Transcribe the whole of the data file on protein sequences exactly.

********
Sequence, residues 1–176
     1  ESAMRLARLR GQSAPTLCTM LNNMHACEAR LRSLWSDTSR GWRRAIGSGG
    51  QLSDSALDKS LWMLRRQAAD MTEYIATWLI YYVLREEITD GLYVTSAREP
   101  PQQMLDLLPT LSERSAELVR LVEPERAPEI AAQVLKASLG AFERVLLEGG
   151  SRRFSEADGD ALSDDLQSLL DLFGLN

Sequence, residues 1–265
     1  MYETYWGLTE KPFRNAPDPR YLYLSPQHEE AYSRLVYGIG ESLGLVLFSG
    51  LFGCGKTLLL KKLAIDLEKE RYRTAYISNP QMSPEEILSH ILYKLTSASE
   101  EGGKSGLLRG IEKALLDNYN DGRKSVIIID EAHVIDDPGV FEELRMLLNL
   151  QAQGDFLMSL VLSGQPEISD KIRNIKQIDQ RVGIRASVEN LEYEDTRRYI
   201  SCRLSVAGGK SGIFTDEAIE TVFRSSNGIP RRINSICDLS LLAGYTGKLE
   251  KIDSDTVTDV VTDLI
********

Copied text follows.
Sequence, residues 1–176
     1  ESAMRLARLR GQSAPTLCTM LNNMHACEAR LRSLWSDTSR GWRRAIGSGG
    51  QLSDSALDKS LWMLRRQAAD MTEYIATWLI YYVLREEITD GLYVTSAREP
   101  PQQMLDLLPT LSERSAELVR LVEPERAPEI AAQVLKASLG AFERVLLEGG
   151  SRRFSEADGD ALSDDLQSLL DLFGLN

Sequence, residues 1–265
     1  MYETYWGLTE KPFRNAPDPR YLYLSPQHEE AYSRLVYGIG ESLGLVLFSG
    51  LFGCGKTLLL KKLAIDLEKE RYRTAYISNP QMSPEEILSH ILYKLTSASE
   101  EGGKSGLLRG IEKALLDNYN DGRKSVIIID EAHVIDDPGV FEELRMLLNL
   151  QAQGDFLMSL VLSGQPEISD KIRNIKQIDQ RVGIRASVEN LEYEDTRRYI
   201  SCRLSVAGGK SGIFTDEAIE TVFRSSNGIP RRINSICDLS LLAGYTGKLE
   251  KIDSDTVTDV VTDLI